My friend Josephine from Able Amsterdam & I received an invite to visit The Museum of the Canals and check out/advise on their accessibility. What a visit it was! From the most friendly people to the story behind everything in the museum itself, it was amazing. Keep on reading to find out why!
A bit more about the Museum of the Canals
The Museum of the Canals is located in a 17th century building on the Herengracht in Amsterdam. This beautiful monumental building has different rooms where, in a playful and adventurous way, you will learn more about the history of the canals in Amsterdam and the role they played in the expansion of the city over the last 400 years.
The museum often hosts exhibitions as well. Check out their current temporary exhibition Amsterdam is Crumbling.
The Accessibility of the Museum of the Canals
The goal of the museum is to become the most accessible museum in Amsterdam. As a result of that, the efforts they are putting into making it accessible for most people is incredible. I believe they are a true example of how it can be done.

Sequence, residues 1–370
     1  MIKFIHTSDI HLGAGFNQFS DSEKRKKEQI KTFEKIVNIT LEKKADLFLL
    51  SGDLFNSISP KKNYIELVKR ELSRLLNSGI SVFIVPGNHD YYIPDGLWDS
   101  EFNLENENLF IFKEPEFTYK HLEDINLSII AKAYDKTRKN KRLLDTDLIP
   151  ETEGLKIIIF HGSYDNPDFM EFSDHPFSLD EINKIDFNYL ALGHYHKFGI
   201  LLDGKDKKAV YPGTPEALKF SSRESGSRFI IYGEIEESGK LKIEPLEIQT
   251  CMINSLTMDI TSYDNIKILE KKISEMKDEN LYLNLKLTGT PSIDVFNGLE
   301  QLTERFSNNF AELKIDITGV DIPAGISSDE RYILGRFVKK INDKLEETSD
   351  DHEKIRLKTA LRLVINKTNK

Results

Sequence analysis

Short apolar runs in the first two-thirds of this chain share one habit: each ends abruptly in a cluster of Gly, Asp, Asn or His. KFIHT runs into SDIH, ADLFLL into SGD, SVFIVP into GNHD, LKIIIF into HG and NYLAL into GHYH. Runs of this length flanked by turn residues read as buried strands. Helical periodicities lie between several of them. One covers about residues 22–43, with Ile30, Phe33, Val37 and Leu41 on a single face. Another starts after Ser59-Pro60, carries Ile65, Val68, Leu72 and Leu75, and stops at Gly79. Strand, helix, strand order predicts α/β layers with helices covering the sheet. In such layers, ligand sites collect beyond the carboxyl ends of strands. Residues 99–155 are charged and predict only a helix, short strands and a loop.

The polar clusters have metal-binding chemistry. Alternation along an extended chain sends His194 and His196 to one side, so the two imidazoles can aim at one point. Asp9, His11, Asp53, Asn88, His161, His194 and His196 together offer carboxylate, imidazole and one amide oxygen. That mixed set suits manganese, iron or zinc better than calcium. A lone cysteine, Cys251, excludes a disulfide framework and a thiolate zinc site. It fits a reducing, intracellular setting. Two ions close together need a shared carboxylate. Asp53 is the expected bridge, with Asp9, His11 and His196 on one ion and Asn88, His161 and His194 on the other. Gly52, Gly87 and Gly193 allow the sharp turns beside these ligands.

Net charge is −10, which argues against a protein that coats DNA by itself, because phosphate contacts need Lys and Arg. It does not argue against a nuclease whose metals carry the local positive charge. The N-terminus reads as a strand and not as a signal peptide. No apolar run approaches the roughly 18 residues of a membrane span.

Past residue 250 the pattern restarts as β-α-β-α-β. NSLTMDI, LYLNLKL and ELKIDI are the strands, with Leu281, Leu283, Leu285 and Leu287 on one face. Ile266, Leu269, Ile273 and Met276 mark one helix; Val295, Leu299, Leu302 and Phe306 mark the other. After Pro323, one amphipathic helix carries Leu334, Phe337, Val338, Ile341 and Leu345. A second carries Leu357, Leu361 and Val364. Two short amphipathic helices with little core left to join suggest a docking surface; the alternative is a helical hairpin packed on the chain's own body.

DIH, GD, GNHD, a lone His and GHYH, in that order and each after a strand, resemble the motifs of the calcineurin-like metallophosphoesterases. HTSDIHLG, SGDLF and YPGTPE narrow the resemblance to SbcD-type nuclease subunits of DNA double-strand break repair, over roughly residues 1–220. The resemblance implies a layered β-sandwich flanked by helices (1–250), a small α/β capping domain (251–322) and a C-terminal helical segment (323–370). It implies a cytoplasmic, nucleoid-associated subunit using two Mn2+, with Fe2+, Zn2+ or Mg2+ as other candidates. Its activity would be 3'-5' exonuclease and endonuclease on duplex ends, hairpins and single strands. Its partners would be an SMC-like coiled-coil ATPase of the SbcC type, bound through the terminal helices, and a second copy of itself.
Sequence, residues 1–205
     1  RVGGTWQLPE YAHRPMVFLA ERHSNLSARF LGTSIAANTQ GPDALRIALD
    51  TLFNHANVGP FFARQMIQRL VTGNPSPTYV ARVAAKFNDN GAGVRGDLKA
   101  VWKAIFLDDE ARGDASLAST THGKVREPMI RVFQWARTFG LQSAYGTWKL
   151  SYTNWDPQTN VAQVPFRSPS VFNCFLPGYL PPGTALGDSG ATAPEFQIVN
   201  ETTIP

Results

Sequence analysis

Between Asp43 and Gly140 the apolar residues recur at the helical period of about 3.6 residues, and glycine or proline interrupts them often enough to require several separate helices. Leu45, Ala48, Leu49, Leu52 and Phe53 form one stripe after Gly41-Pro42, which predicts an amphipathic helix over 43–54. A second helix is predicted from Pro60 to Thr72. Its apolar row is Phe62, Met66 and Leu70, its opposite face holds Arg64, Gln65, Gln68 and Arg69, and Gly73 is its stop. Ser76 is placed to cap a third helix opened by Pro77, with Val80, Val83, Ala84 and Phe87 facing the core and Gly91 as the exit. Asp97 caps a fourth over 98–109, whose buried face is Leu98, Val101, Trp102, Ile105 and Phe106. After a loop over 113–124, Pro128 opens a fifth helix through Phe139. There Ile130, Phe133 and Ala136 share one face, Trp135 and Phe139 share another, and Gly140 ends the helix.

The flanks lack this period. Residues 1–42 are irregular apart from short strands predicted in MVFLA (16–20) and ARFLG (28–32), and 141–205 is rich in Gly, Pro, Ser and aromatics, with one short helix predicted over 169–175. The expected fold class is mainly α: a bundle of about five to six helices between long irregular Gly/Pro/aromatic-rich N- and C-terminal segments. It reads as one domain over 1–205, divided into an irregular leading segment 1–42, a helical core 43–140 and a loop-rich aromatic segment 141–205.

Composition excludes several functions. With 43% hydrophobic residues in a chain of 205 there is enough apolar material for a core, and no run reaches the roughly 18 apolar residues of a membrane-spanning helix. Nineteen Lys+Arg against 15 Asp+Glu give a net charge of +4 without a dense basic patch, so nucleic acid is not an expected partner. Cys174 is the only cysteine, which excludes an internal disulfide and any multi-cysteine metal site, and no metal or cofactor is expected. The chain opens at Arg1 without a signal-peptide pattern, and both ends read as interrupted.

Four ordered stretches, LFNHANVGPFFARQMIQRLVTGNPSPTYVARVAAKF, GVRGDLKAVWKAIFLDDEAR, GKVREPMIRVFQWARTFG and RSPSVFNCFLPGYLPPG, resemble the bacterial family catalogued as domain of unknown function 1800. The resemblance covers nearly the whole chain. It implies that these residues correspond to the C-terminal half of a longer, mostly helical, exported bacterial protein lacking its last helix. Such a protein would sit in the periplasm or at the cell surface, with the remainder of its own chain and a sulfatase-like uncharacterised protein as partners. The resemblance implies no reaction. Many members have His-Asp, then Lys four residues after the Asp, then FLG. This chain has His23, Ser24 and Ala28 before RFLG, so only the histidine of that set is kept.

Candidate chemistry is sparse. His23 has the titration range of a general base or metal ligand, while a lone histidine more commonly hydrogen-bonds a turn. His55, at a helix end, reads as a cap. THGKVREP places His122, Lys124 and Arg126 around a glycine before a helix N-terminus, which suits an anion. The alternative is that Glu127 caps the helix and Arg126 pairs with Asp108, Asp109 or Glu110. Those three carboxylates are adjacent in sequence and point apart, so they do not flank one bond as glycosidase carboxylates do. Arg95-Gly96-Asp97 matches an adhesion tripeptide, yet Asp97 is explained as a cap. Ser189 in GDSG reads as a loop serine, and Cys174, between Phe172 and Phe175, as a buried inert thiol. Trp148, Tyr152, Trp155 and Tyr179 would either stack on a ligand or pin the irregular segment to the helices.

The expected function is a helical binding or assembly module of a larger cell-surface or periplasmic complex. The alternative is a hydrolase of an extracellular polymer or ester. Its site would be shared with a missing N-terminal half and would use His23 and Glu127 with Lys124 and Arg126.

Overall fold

Upon entering the museum, there is a wheelchair accessible lift that will guide you down to the entrance. It is an amazing system shown in the video below: the stairs collide together and you can roll yourself up. To activate this system, please alert a member of staff or call the hotel directly +31 (0) 20 4211 656 to let them know you have arrived. I advised them to put a doorbell there, so once that is installed, I will give you a heads up!
In the museum, all the audio systems will be put at wheelchair friendly level, so in every room you can listen to the stories easily (at the time of writing, some of them are still too high). A member of staff is always at one of those points to help out. There is only one room a little bit less accessible, as you cannot see all the images through the small peep holes. However, when mentioning this, the staff came up with some very innovative and interesting ideas to solve this problem. There is a wheelchair accessible toilet downstairs, which is accessible by using their lift.
All of the staff are willing to do everything to help you out with whatever you need. I would highly recommend to send an email or call them when you book your visit: just so they are aware that you are coming.
Do you want to know more about the accessibility of the Museum of the Canals in Amsterdam? Click here to check out their website
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Enthusiastic to give them a visit? Book your tickets here!
Want to find out about Wheelchair friendly beaches in Ibiza? Then read this blog!